Michelle HammondFollow on twitter www.startupsmart.com.au
Australian fitness industry set to boom: Report
Australia’s ageing and increasingly health-conscious population has seen an explosion in the number of fitness instructors, suggesting the health and fitness industry is ripe with opportunity.
According to the Department of Education, Employment and Workplace Relations, there were 8,000 fitness instructors operating in Australia in 1999.
In the past five years, the number of instructors has grown 36.7%, compared to 13.1% for all other occupations.
There are now 22,888 fitness instructors operating in Australia, and that number is likely to increase by 252% to an additional 57,592 instructors by 2020.
Working in a gym, running an outdoor training group or operating a personal training business are the most common forms of work within the fitness industry, according to the department.
There are several factors driving the growth, including the increasing number of people who are overweight or obese, and Australia’s ageing population.
Not only do older people have more time to work on their fitness, they believe being fit will enable them to better enjoy their retirement.
Also driving growth is the mining boom. Many mining companies build gyms onsite to provide fly-in, fly-out workers with an opportunity to stay fit.
According to the department, working as a fitness instructor is popular among younger people. The median age for fitness instructors is 33, while the median age across all occupations is 39.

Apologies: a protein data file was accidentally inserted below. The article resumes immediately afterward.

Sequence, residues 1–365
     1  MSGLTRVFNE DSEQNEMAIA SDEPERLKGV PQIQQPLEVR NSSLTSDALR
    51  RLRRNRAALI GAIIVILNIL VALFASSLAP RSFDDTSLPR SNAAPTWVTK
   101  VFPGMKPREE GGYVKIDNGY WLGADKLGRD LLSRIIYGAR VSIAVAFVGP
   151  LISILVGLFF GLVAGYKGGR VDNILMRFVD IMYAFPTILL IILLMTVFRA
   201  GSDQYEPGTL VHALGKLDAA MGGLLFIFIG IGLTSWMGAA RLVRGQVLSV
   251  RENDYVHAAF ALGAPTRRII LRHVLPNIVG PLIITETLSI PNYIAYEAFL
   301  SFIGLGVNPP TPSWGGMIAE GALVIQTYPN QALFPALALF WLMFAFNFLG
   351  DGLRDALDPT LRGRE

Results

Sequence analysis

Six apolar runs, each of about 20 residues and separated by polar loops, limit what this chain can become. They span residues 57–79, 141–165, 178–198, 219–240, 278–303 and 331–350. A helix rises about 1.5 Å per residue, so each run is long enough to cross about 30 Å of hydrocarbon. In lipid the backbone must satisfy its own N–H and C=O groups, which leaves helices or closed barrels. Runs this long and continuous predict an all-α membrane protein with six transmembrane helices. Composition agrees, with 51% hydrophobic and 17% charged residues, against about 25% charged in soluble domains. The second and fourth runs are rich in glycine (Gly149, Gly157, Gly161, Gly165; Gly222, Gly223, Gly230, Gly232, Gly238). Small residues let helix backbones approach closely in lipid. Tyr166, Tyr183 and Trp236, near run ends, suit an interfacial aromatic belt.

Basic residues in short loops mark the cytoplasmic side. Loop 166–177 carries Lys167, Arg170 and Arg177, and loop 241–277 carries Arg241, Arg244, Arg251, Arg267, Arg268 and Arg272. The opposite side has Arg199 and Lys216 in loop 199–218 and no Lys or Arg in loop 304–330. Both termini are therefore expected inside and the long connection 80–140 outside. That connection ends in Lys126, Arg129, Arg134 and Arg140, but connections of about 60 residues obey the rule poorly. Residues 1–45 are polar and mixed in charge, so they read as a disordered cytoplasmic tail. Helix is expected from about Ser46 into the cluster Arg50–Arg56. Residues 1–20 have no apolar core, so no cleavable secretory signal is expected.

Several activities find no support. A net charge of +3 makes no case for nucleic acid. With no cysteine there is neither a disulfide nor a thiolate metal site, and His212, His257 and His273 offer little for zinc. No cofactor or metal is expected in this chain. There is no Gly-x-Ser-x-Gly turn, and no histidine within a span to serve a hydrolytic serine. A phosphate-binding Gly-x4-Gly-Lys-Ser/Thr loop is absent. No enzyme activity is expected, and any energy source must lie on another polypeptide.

More than 19% have no post-school qualifications, and females working part-time make up 45% of all instructors.
It’s believed the growth in online learning is making it easier for people to study a fitness course without giving up their day job.
According to an industry expert, the prospect of working as a fitness instructor attracts people from a diverse range of backgrounds.
Rick Munn, from the Australian Institute of Fitness, says the institute has grown from four campuses and five classrooms in 2007 to six campuses and 14 classrooms.
“In one week, I have had a lawyer, garbologist, fruit picker, Year 12 student, AFL player, somebody who was retrenched and an office worker,” Munn says.
The industry also generates impressive profits from the sale of health and fitness paraphernalia, indicating this is another business avenue for start-ups to consider.
According to a survey by the Australian Fitness and Health Expo, almost 100% of consumers who visited the expo said they would purchase fitness and health products over the next 12 months, spending an average of $2,153.
The same survey found more than half of Australians want to get fit and improve their health.